Colin Trevorrow, the creative mind behind the “Jurassic World” trilogy, has confirmed that the series’ third installment will have the greatest reliance on animatronics in order to breathe life into the dinosaurs that populate its world. “Jurassic World: Dominion” will be directed by Trevorrow, with the movie slated for theatrical release in the summer of 2021. This fresh emphasis on practical effects will be exciting news for those who preferred the style of the movie that started it all, the 1993 blockbuster “Jurassic Park.”
Trevorrow has spoken highly of the graphical wizardry that has enabled the creation of the gripping action sequences in both previous installments of this new “Jurassic” trilogy; 2015’s “Jurassic World” and 2018’s “Jurassic World: Fallen Kingdom.” However, Trevorrow shared his excitement to rely more heavily on animatronics in an interview with Steve Weintraub of Collider, stating that “we’ve made more animatronics in this one than we have in the previous two.”
“Dominion” certainly looks set to have something of a throwback feel, and not just in terms of its effects. The iconic trio of leads from “Jurassic Park” will be reunited on screen in Trevorrow’s movie, with a host of cast members from the early films returning to our screens: Dr. Alan Grant played by Sam Neill, Dr. Ellie Sattler who is Laura Dern‘s character, and Dr. Ian Malcolm who also appeared in the second Jurassic World film and is played by none other than Jeff Goldblum. As reported in late 2019, these returning stars will have ‘major roles’ in “Dominion,” news which will be hugely exciting to long-term fans of the franchise. With the original trilogy arriving on Netflix in August 2020, that excitement should build even further ahead of “Dominion”‘s release.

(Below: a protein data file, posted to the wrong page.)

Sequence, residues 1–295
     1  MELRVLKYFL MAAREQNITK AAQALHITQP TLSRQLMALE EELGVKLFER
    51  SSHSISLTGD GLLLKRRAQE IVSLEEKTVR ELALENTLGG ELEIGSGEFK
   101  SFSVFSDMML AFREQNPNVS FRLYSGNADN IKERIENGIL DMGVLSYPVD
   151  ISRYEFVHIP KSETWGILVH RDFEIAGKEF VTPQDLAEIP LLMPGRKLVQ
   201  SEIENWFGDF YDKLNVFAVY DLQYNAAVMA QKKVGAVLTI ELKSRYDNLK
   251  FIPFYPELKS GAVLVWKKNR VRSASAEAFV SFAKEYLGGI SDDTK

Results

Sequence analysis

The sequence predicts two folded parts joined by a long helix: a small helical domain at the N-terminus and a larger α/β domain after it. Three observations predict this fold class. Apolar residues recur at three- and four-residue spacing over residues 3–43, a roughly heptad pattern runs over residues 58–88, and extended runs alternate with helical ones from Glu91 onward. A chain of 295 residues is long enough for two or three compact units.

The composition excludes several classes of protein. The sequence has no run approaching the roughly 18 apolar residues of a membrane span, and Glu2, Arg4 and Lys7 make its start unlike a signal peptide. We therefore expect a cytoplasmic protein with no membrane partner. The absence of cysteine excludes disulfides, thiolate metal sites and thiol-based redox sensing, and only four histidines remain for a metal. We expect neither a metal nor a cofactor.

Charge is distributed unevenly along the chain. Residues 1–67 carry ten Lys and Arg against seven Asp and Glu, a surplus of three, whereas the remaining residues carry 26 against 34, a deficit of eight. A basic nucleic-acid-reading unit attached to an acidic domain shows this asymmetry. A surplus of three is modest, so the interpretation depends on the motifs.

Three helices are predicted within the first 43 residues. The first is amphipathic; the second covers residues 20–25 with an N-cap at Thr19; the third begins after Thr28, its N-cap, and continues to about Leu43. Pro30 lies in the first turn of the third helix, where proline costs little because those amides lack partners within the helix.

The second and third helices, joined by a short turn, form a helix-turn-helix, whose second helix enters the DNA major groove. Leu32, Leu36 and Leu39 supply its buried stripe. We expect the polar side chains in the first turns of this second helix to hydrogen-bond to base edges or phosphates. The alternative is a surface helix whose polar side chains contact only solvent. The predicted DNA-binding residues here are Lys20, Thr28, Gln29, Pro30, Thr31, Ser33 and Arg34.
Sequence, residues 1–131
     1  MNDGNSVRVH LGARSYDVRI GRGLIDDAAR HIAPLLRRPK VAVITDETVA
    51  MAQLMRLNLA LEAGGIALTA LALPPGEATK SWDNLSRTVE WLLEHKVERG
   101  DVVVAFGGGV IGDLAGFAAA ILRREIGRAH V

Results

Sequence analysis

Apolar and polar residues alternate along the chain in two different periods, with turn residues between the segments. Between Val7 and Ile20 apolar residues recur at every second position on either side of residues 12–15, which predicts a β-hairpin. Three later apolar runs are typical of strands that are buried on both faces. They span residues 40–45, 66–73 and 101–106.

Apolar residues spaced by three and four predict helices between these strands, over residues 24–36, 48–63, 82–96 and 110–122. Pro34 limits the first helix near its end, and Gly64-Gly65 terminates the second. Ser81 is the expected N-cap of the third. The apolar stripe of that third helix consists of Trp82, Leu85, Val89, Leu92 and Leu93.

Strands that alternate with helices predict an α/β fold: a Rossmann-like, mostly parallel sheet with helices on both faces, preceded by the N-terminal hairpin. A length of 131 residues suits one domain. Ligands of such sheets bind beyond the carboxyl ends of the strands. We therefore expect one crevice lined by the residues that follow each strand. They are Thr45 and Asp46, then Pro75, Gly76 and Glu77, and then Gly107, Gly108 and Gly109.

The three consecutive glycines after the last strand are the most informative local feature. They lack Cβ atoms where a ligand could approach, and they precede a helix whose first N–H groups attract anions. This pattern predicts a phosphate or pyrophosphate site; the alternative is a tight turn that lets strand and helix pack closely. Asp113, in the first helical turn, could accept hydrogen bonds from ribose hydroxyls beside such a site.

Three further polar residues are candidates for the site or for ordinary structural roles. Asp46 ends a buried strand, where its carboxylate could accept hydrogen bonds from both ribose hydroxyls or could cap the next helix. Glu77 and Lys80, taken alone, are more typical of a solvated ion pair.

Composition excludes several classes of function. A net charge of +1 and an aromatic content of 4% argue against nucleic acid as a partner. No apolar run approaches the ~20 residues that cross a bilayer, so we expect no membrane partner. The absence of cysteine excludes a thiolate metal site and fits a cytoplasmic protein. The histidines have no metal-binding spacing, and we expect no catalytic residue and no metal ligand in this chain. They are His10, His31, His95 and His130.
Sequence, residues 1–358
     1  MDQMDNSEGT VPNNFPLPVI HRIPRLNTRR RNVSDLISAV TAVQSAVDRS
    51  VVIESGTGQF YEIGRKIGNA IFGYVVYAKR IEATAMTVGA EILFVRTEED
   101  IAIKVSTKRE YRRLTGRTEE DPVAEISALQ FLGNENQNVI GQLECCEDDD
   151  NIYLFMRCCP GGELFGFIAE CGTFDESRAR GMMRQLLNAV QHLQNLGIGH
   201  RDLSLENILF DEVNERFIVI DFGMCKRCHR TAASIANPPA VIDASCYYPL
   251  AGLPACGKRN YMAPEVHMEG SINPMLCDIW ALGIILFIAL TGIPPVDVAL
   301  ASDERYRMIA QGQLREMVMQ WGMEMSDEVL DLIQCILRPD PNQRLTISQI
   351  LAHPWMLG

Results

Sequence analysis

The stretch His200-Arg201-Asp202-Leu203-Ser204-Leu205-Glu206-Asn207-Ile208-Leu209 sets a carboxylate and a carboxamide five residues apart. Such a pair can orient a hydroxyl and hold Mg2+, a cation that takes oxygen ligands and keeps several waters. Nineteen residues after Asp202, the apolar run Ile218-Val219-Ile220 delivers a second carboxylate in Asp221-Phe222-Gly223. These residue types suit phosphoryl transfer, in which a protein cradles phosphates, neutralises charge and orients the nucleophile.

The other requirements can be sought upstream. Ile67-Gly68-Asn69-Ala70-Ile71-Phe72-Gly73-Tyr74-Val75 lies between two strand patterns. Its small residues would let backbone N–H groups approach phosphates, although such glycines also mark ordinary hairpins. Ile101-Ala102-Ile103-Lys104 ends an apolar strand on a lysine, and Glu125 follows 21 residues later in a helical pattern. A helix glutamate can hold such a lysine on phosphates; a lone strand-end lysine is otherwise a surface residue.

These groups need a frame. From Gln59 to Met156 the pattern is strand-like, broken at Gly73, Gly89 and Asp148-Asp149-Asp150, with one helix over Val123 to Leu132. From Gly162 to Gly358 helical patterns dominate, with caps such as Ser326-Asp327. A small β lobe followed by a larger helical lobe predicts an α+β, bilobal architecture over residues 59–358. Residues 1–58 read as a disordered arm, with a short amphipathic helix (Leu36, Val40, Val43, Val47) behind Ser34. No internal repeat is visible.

Bringing the franchise back on track
It is no surprise to see that Trevorrow is trying to tap into what made “Jurassic Park,” and to a lesser extent the rest of the original trilogy, so popular. Trevorrow bore the responsibility of directing “Jurassic World,” a challenging task given that the movie would emulate the position of Jurassic Park at the beginning of a trilogy.
Following in Steven Spielberg’s footsteps is never easy, but Trevorrow’s film was generally praised for its attempt to build on the world created in the 1993 classic. Audiences appreciated the likable leads Chris Pratt and Bryce Dallas Howard, with the 7.0/10 score on IMDb surpassing the 6.6 rating of The Lost World and the 5.9 score for Jurassic Park III. Incidentally, the first Jurassic Park movie has racked up an impressive score of 8.1 on the same site.
The box office performance reflected that audience affinity to Jurassic World, with Business Insider acknowledging its record-breaking opening in theaters that saw the movie become the first ever to crack $500 million in its initial weekend. Statistics reveal that Jurassic World would go on to gross over $1.67 billion worldwide following its ground-breaking start, a clear indication of the sway that the Jurassic name commands on global audiences.